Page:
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Patient Controlled Records Could Work Internationally

Posted on October 31, 2013 I Written By

John Lynn is the Founder of the HealthcareScene.com blog network which currently consists of 10 blogs containing over 8000 articles with John having written over 4000 of the articles himself. These EMR and Healthcare IT related articles have been viewed over 16 million times. John also manages Healthcare IT Central and Healthcare IT Today, the leading career Health IT job board and blog. John is co-founder of InfluentialNetworks.com and Physia.com. John is highly involved in social media, and in addition to his blogs can also be found on Twitter: @techguy and @ehrandhit and LinkedIn.

A few years back at HIMSS, I had the pleasure of meeting one of the most passionate and driven healthcare people you’ll find. His name is Gerald Theis, Founder of My Crisis Records. His passion for what he was doing was undeniable and there was no way I was going to bet against Gerald getting something done in healthcare. However, I did question how many US patients would really care enough to carry around and gather their health records.

Turns out, there are dozens of companies with a vision similar to that of My Crisis Record. I’m sure that Gerald could passionately explain why My Crisis Record is different or better than any competitors, but at the end of the day the core concept is very similar: A patient controlled health record.

Whether the patient controlled health record is carried on a USB stick, linked from a QR code, stored on your cell phone, accessed in the cloud, etc the concept is the same. In many ways the patient is acting like their own personal health information exchange.

The concept is a brilliant one except for one major flaw. US people don’t care about the flow of their healthcare information. The big exception to this is chronic patients who do start caring once they get past the denial stage. However, the majority of patients in the US are satisfied with the current flow of information between doctors. Certainly their satisfaction could be based on ignorance. Many patients likely think that doctors are sharing a patients health information all the time, when in fact they are usually not.

Could this change? Certainly, but it’s hard to base a business on people changing.

What I’ve found even more interesting is Gerald’s work to implement a My Crisis Record solution internationally. For example, he’s implementing it under the brand “My Smart Health” in Africa. The more I’ve learned about international healthcare, the more I think a patient controlled record could work internationally in places where they’re more focused on providing any sort of health services versus spending big bucks on EHR systems that aren’t interoperable.

All of this is bolstered by the widespread adoption of cell phones internationally. I can see how there could be real value in a patient controlled medical record on these people’s cell phones. From what I understand, you might not go to the same doctor twice. There’s not the same view of a primary care doctor that you go to all the time that has your record at their fingertips. Seems like the perfect opportunity for the patient controlled medical record.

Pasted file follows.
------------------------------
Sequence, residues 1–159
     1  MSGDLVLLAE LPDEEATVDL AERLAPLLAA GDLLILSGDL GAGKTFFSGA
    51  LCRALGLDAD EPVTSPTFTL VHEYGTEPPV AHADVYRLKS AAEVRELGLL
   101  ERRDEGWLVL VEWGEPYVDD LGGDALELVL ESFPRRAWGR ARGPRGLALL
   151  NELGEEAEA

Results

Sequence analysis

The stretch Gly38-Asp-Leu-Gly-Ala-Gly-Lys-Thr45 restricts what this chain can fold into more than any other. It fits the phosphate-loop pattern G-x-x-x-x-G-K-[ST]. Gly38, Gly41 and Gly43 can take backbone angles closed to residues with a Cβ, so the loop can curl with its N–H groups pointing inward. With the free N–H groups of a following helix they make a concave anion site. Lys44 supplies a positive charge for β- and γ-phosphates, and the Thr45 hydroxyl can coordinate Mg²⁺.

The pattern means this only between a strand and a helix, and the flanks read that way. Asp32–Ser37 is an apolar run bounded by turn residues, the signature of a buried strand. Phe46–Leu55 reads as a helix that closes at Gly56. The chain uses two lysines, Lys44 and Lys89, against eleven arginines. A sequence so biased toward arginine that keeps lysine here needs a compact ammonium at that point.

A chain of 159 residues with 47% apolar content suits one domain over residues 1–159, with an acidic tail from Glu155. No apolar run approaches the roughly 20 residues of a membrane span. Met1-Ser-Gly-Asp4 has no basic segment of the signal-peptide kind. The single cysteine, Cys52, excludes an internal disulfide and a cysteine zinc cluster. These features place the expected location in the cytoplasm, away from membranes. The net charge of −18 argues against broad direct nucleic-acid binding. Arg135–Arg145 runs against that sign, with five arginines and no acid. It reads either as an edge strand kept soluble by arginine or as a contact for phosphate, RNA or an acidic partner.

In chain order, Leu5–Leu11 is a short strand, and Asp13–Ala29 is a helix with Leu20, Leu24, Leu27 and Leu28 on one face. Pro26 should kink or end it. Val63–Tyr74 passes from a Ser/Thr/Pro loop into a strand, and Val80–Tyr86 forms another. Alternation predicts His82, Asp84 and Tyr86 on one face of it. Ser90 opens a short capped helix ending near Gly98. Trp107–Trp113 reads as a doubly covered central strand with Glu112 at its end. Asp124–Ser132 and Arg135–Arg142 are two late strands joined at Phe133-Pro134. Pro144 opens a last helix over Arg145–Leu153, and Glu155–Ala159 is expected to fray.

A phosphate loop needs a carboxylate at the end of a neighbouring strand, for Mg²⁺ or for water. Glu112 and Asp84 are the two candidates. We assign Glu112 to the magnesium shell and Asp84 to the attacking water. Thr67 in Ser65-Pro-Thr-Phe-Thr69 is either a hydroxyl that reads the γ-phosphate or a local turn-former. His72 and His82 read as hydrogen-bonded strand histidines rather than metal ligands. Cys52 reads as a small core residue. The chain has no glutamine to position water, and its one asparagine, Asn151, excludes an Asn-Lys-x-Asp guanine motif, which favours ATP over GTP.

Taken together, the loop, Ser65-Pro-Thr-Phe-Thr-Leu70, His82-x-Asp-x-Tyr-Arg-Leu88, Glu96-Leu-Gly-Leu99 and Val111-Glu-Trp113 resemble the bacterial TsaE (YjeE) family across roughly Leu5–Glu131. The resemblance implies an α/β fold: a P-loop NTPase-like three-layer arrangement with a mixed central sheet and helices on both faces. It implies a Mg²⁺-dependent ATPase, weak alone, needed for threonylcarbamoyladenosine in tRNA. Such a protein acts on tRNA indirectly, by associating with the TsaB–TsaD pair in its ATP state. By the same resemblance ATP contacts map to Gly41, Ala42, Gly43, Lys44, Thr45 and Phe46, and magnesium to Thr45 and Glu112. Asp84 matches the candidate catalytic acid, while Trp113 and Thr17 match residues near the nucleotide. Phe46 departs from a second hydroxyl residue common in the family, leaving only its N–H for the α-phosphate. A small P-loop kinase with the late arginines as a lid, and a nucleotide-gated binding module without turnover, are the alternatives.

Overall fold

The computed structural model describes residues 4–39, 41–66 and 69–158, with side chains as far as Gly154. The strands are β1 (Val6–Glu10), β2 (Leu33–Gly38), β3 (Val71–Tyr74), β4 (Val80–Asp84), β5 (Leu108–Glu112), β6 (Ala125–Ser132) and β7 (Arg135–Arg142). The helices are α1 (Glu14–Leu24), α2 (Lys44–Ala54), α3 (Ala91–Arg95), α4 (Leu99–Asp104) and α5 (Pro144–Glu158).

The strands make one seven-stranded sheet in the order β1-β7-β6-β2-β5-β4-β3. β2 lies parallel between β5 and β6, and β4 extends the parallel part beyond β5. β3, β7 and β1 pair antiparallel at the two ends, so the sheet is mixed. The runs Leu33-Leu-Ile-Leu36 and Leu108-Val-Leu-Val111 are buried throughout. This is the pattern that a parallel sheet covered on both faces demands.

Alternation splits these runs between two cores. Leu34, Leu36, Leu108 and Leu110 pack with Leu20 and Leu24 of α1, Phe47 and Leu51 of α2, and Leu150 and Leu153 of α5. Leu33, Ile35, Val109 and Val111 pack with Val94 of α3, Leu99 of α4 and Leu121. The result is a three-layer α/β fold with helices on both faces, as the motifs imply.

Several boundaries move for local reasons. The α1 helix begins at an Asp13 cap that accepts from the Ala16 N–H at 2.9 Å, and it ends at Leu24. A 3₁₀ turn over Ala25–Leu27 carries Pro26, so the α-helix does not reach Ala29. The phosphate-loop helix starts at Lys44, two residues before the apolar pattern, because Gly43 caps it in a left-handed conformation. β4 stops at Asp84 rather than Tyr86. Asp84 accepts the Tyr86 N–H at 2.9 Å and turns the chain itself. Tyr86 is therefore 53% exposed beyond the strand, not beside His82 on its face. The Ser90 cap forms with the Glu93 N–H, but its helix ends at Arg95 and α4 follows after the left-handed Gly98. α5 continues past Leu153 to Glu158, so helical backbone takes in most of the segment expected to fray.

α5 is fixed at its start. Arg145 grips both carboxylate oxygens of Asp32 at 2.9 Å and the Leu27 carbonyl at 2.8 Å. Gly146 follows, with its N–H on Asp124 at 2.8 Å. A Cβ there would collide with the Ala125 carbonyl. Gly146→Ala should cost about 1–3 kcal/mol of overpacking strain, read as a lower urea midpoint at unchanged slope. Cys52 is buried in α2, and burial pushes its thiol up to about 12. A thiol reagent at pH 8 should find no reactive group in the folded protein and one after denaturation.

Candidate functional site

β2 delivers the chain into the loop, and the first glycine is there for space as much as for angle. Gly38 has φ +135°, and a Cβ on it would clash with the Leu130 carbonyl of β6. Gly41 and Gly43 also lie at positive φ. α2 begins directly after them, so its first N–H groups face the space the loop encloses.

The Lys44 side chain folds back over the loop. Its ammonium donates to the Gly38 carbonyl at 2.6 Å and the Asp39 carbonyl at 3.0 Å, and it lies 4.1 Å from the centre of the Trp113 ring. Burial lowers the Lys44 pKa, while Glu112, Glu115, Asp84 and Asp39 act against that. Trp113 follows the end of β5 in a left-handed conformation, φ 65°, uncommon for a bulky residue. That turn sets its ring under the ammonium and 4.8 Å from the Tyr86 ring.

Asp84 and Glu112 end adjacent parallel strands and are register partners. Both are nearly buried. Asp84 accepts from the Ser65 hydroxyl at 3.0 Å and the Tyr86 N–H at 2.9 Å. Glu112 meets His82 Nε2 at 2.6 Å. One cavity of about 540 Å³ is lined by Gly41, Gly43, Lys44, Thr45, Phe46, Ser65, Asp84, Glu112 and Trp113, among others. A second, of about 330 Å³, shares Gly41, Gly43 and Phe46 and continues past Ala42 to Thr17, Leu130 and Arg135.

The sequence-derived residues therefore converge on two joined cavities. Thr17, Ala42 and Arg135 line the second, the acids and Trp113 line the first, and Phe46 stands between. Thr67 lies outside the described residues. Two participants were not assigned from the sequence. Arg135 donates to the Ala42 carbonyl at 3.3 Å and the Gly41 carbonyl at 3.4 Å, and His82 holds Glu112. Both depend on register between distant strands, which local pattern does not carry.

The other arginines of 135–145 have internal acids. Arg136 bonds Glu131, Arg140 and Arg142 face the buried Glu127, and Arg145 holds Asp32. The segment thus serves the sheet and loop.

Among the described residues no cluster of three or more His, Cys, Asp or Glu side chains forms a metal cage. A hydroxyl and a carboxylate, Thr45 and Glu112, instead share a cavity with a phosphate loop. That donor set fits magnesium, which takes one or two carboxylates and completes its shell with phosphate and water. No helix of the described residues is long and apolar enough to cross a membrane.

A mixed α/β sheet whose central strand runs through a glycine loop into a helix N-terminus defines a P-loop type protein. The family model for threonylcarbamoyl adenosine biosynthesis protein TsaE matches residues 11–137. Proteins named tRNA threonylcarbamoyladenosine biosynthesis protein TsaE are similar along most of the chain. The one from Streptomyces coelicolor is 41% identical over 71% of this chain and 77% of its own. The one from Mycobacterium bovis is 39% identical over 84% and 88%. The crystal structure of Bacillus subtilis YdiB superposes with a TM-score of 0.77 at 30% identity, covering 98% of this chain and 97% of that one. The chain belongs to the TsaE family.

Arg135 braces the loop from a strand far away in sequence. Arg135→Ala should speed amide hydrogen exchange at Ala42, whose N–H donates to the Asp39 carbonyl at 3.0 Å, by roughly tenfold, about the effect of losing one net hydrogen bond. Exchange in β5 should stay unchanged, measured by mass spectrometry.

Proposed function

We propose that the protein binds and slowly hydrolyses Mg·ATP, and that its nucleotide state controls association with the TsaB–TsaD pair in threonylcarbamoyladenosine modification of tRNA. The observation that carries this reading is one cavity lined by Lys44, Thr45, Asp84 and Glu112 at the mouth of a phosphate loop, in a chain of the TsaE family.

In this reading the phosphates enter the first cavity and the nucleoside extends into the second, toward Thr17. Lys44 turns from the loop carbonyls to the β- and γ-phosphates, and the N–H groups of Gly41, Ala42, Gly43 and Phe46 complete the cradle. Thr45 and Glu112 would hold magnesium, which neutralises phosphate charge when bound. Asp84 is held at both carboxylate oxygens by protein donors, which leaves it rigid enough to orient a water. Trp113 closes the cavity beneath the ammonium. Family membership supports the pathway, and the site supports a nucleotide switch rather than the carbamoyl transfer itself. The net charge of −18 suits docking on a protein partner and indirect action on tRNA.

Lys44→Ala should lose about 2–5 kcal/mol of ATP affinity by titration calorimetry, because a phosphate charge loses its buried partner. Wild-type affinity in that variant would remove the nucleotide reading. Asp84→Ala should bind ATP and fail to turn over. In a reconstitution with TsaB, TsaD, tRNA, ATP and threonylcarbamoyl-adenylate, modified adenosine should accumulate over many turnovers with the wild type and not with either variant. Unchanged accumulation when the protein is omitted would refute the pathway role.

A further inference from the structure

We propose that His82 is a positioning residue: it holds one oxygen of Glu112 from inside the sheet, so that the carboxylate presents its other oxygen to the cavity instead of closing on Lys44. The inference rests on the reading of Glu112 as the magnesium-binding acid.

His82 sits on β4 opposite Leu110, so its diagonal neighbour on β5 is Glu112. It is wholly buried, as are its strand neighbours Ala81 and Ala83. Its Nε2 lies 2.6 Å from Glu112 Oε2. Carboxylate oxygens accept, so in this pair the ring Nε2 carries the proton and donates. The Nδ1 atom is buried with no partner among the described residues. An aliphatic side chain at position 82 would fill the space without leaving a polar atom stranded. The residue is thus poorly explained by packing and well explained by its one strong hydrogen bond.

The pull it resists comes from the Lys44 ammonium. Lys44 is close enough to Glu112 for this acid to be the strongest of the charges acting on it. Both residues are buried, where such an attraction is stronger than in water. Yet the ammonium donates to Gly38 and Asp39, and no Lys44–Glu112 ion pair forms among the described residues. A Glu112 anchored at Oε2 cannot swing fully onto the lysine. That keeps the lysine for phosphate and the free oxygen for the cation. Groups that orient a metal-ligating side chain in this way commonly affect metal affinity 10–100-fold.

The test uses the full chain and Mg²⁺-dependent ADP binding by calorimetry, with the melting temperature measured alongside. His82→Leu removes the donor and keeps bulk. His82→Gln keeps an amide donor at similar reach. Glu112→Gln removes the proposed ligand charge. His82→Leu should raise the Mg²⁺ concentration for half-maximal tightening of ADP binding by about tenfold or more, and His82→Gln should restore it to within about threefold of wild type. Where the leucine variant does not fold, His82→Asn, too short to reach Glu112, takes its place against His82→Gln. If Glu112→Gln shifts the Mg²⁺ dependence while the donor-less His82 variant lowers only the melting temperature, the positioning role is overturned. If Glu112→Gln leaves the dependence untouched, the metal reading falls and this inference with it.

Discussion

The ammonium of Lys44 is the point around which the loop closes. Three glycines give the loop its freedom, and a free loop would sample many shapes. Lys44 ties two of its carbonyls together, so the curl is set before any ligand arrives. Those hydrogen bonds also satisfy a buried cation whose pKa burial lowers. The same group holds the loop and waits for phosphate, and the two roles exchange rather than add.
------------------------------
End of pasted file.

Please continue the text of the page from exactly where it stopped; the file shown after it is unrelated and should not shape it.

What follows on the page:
We’ll see how it plays out. I guess I’m not very bullish on the patient controlled medical record in the US, but I can see a lot of potential globally. Maybe over time the US will learn and change as well. What do you think?

mHealth Notification Averts Hospitalization

Posted on August 2, 2013 I Written By

John Lynn is the Founder of the HealthcareScene.com blog network which currently consists of 10 blogs containing over 8000 articles with John having written over 4000 of the articles himself. These EMR and Healthcare IT related articles have been viewed over 16 million times. John also manages Healthcare IT Central and Healthcare IT Today, the leading career Health IT job board and blog. John is co-founder of InfluentialNetworks.com and Physia.com. John is highly involved in social media, and in addition to his blogs can also be found on Twitter: @techguy and @ehrandhit and LinkedIn.

I usually save most of my mHealth specific blogging for my Smart Phone Healthcare blog (subscribe to it if you haven’t already), but this story was too interesting to not share with a larger audience. This story comes from Gerald Theis of MCR Global. Gerald is one of the most patient people you’ll meet in the mhealth space. He’s working across international lines, but this story is where I love seeing Gerald’s work the most. It’s also a great illustration of the power of mHealth.

Last week a patient started to self mutilate (multiple cuts to legs). Her daily severity scores were consistently high (3 = severe). The MCR SMS message Alert was sent to her primary caregiver who made a health check home visit followed by a psychotherapy visit within 24 hours.

This mobile health program helped to engage the primary caregiver and may have averted a hospitalization. The patient was able to use her support system and crisis management psychotherapy session to utilize coping strategies to deal with her internal conflicts and has not harmed herself since the session.

This testimonial demonstrates how we can achieve patient and caregiver engagement via mobile health technology and avoid unnecessary hospitalization.

EMPOWERMENT. All 15 patients are very satisfied with this unique program and are tracking their scores consistently. This self report program is helping them identify triggers and early warning signs as they score each symptom for severity – Mild-Moderate or Severe. Each are shown their graph results that provide a visual way to see their pattern of distress. One asked for an appointment sooner than scheduled because her symptoms were escalating. All like the SMS feature that makes them feel secure.